2. As Broll enters the emerald dream, he is attacked by a manifestation of his own rage. We never see any clear shots of his surroundings, but its pretty clear he is in some dreamscape, where his inner self is manifested. Everywhere else, the dream is just a primordial Azeroth, filled with jungles, but it acts nothing like that here.
  3. Broll's inner rage is actually his bear spirit, which has grown out of control. Broll's other spirits show up to aid him in regaining control. This makes no sense, as the animals spirits are the ancient guardians. If Broll's bear spirit is so overwhelmed by rage, all bear spirits should be suffering from the same problem, as they're drawn from the same creatures (Ursoc and Ursol).
  4. As Broll regains control of all his spirits, he is able to instantly remove corruption from the idol with only a wave of his hand, instantly breaking the corruption of the green dragon and of the furbolg. In every other instance where it appears, we see that corruption is a huge problem, which affects the very land around it. Even if you remove the source of the corruption, you don't instantly heal all of its effects. If that was the case, felwood should have been instantly cured when Illidan absorbed the skull of Gul'dan.
Issue 6
Our issue starts with Valeera following the human assassin, who travels to the night elves we saw in issue 4. The night elves are happy to answer all the questions of the mysterious human who doesn't identify himself, because all night elves suffered a brain aneurysm after the battle of mount hyjal. It gets even better when the night elves attack the spying Valeera, who tells them that she is the blood elf that fought alongside Broll and Lo'gosh. Of course, they don't belief here, and they attack her. Yeah, why should they belief that a blood elf fought alongsi...

Wait a minute, later in the book, they mention that they knew that there was a blood elf champion in dire maul. And Broll caught up with his cousin only a day ago, so it's hard to imagine Valeera never came up. The night elves do mention that they don't believe Valeera could be her because she looks to be only a child. But, if she looks like just a child, why are you trying to slaughter her? You took the orcs, trolls and tauren prisoner, so why kill the fleeing blood elf child?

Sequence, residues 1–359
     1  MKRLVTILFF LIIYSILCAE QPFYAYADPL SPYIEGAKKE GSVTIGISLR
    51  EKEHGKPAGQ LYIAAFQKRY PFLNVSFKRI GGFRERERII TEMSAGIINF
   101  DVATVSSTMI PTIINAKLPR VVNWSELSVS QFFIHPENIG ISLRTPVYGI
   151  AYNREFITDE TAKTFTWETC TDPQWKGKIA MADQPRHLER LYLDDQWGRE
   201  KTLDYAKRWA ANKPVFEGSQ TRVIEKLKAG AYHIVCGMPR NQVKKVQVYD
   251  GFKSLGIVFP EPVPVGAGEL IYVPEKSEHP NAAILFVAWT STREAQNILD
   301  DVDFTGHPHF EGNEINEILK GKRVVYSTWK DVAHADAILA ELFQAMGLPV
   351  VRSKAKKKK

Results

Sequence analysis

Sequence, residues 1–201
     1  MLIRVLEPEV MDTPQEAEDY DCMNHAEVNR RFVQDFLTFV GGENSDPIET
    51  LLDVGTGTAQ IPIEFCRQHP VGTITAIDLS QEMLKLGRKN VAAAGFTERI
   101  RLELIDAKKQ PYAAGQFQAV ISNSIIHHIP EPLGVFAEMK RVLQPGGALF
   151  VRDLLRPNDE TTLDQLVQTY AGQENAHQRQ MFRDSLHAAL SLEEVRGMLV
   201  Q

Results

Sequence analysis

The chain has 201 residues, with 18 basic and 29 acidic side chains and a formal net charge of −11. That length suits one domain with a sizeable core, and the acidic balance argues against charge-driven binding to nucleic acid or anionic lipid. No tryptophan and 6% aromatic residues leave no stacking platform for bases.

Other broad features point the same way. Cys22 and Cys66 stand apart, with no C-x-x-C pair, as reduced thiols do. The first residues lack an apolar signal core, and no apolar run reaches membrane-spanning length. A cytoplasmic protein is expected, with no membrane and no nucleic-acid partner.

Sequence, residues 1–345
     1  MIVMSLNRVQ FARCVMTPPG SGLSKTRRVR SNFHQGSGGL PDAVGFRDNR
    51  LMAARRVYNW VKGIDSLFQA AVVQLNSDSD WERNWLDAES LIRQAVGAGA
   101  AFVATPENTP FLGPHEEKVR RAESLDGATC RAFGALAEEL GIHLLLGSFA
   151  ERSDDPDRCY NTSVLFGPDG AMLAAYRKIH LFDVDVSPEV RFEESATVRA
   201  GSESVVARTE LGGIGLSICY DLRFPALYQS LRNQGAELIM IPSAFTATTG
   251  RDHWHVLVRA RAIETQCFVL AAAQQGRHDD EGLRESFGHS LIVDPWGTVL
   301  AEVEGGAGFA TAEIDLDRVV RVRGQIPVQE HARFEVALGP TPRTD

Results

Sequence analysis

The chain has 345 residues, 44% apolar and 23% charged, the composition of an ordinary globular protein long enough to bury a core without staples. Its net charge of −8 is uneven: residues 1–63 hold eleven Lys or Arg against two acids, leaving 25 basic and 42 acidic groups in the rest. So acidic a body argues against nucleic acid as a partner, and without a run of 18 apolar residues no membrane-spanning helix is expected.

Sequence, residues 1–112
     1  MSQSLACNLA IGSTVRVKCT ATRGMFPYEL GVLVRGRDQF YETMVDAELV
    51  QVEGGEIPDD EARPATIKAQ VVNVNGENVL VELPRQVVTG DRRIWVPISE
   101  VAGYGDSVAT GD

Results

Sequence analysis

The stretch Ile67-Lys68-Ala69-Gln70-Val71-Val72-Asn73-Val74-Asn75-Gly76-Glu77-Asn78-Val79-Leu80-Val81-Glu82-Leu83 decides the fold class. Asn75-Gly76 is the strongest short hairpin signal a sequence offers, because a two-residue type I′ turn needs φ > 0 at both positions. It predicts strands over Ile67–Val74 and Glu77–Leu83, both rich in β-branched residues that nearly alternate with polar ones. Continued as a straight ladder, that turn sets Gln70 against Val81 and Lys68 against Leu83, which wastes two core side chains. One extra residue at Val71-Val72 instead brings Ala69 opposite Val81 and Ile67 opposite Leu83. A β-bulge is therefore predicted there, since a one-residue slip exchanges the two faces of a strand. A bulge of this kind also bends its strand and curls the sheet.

Meanwhile, Broll and Lo'gosh are visiting Fandral Stormrage, giving him the idol of Remulos. Afterwards, they are invited for dinner by Tyrande Whisperwind herself. While she can't do anything about it, she senses an aura of dark magic surrounding Lo'gosh, advising him to visit Jaina Proudmoore in Theramore. Just before the two can reach Theramore, the assassin tries to shoot them down, but he is intercepted by Valeera. Broll and Lo'gosh miss all this and have a meeting with Jaina while Valeera struggles for her life, until she is saved by a mysterious woman with white hair, who brings the unconscious blood elf to Theramore. Jaina tries to disspell Lo'gosh' curse, summoning her chamberlain, who turns out to be the mysterious woman, to assist her. Man, that really is one hell of a pile-up of coincidences. Lo'gosh, the assassin, Valeera and the mysterious chamberlain all being in this incredibly small area, despite the first having a headstart of several hours on the second and third person, and the fourth person having absolutely no reason to be in the swamp. Plus, there's the fact that Broll and Lo'gosh apparently didn't notice they were being followed, nor did the assassin. They really need to install some rear mirrors on them flying mounts.

And here, we get the most important reveal of the series. Lo'gosh is actually Varian Wrynn, the king of Stormwind, who vanished while travelling to Theramore. There is an obvious parallel between Varian Wrynn and Thrall. Both were slaves, forced to be gladiators. However, there is a key difference I want you to keep in mind for when we discuss WotLK: Varian was enslaved for only a short period, during which he was generally treated well and generally respected, even being freed by a leader amongst the horde. Thrall was enslaved from a very young age, and had to fight for his freedom and the only human to ever show any form of kindness or respect was a lowly messenger that was brutally slaughtered.

Issue 7